What is ethical branding, and why is it important?

What is ethical branding, and why is it important?

Brand ethics refers to a company's moral principles and values that guide its actions. It's crucial because ethical behavior builds trust, fosters loyalty, and contributes to a positive impact on society, aligning business success with social responsibility.

Conservation charity WWF UK is well-known in the UK for its work tackling climate change, protecting endangered species, and championing sustainability initiatives. But in early 2022, it drew extensive criticism online when it announced plans to sell non-fungible tokens (NFTs). It aimed to use digital artwork and collectibles to raise money for its conservation work. But as the charity learned more about the environmental impact of minting and selling NFTs, it decided not to continue the trial.

This is a recent example of ethical branding in action. The company learned its activities went against its values and decided to change course.

As the backlash against WWF UK shows, brand ethics are increasingly important to consumers. You need to understand the benefits of building an ethical brand, so you can decide whether a values-first approach is right for your company.

What is ethical branding?

Ethical branding is the process of building a brand and company based on values and actions that are morally right and ethical.

For example, ethical brands don’t harm people, animals, or the environment. They pay attention to the impact their products (including production and manufacturing processes) have on the people and world around them. Overall, they aim to contribute to society in a responsible, sustainable way.

On a recent episode of our podcast, the Snask team talked in detail about ethical branding, explaining that “being an ethical brand is about taking responsibility.” This includes:

  • Economic responsibility. Caring about the company’s economic impact on its employees, partners, and customers. For example, paying employees equally and fairly, paying contractors on time, and following fair pricing practices for their products.
  • Social responsibility. Caring about the company’s impact on the society and community in which it operates. For example, if its manufacturing facilities provide jobs for local people or its daily operations disrupt its community.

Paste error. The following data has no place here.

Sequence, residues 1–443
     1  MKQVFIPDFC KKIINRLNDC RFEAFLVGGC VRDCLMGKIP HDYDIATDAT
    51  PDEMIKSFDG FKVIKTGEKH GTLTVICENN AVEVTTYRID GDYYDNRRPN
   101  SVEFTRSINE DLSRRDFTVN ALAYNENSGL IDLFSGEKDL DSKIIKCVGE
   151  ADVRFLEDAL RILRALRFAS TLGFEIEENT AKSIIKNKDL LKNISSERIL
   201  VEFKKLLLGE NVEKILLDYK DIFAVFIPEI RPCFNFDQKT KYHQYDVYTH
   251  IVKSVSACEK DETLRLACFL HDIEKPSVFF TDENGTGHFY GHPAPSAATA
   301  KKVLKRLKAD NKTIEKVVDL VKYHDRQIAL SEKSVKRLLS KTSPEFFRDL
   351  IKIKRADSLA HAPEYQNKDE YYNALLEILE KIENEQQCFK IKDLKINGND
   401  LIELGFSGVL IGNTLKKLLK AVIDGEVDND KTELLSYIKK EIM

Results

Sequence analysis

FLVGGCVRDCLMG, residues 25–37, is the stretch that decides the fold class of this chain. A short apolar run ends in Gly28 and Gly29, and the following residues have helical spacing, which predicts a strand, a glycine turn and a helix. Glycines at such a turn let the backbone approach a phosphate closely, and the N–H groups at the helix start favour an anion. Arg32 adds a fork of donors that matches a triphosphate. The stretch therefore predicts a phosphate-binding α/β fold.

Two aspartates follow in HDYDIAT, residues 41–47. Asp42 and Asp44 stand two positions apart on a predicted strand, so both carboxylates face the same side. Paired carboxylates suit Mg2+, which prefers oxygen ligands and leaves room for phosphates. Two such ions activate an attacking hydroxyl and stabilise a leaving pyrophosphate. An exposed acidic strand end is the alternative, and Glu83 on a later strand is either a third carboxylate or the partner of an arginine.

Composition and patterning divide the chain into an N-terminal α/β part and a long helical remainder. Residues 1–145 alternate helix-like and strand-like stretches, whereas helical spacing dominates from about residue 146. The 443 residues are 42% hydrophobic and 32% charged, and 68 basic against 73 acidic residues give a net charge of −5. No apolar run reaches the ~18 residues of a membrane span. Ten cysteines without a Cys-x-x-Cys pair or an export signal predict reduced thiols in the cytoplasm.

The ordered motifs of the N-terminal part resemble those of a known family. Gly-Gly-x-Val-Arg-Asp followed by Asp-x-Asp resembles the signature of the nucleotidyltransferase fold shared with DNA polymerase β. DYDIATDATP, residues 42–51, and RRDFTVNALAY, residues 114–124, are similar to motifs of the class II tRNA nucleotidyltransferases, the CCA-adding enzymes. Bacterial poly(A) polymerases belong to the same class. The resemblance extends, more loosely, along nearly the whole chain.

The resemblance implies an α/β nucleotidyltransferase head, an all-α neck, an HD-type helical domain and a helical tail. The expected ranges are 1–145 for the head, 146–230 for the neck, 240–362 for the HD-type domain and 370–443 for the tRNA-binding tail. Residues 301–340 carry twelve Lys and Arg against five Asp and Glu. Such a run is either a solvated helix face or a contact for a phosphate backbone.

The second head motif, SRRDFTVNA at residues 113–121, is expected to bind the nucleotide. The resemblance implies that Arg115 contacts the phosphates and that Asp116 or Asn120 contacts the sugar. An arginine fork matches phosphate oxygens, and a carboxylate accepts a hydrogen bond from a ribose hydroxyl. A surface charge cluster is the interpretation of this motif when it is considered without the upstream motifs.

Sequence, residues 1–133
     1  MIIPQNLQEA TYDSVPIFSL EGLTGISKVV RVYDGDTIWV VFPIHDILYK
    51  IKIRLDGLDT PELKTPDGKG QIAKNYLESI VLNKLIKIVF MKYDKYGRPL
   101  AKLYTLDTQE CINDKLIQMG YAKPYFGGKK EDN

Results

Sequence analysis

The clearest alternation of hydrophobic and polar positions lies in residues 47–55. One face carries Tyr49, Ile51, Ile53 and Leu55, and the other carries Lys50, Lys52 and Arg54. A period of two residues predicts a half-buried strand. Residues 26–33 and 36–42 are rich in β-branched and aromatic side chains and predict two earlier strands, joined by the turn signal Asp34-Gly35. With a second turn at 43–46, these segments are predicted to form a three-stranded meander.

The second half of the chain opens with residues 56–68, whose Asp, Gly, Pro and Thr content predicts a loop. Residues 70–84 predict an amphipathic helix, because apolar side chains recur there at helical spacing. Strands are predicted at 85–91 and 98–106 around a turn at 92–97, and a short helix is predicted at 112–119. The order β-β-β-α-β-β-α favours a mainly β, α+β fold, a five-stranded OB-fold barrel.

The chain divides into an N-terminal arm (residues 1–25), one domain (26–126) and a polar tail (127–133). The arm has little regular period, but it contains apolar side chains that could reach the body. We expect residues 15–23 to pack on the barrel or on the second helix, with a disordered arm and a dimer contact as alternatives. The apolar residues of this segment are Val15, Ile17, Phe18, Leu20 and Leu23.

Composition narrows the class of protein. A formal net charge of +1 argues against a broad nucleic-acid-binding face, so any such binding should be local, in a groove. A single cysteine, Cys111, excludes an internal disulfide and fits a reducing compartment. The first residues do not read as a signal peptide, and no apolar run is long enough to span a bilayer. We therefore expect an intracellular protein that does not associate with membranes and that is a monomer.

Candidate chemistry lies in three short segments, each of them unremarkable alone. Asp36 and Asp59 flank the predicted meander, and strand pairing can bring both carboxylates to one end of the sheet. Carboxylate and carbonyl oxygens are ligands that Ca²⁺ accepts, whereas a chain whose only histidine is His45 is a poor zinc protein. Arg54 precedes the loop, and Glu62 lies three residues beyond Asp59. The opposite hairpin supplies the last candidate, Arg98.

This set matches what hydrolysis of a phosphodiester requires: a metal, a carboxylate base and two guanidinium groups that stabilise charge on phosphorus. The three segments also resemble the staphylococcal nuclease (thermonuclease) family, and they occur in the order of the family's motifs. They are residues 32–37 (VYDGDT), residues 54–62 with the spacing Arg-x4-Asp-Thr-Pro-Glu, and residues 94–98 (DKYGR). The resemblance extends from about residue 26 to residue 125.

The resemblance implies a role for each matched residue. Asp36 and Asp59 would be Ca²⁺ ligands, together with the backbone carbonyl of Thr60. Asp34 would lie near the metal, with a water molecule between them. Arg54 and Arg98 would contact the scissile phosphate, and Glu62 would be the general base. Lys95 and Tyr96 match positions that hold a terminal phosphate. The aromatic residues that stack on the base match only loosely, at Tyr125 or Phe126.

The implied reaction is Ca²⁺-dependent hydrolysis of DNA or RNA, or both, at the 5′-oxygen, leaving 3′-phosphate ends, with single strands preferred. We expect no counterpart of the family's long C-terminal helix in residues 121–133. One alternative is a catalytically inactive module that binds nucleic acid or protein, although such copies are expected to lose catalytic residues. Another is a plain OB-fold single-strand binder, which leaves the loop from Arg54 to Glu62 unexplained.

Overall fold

• Environmental responsibility. Caring about and working to reduce the environmental impact of their products. For example, they could work to reduce waste from their manufacturing process or only use sustainable materials in their products.

Ethical brands often share three similar characteristics:

  • Transparency. Ethical brands are often more transparent about their work, products, and processes because they have nothing to hide from employees, customers, or the media.
  • Values-driven. They bring their values to life at all company levels, from C-suite to intern. This is also true for all aspects of the business, such as sourcing materials, product manufacturing, marketing activities, and hiring practices.
  • Committed to doing the right thing. Ethical brands have a clear sense of “wrong” and “right.” They focus more on doing what’s right rather than cutting corners, adopting less sustainable processes, or abandoning their values in favor of increased profits.

As a result, consumers see ethical brands as more trustworthy, and their products are often more desirable because customers feel good about supporting them.

Listen to the full podcast episode: "Why ethical branding matters" with Gia Stridbeck and Freddie Öst, Snask.

The benefits of strong brand ethics

Ethical branding can be a true differentiator for your company as it helps you develop strong connections with both your customers and employees. Let’s examine some of the main benefits of building an ethical brand.

Help your brand stand out from the competition

Your product alone isn’t a strong or long-term differentiator for your brand. Competitors can add new features or replicate the look of your products relatively easily. Your brand ethics can help differentiate your brand in a crowded market because it’s harder to replicate your company’s values, ethics, and behaviors.

According to 5W, 73% of consumers prefer buying from companies that align with their personal values. Having a shared set of values and principles helps you build a stronger connection with consumers, making them more likely to think of you than a competitor.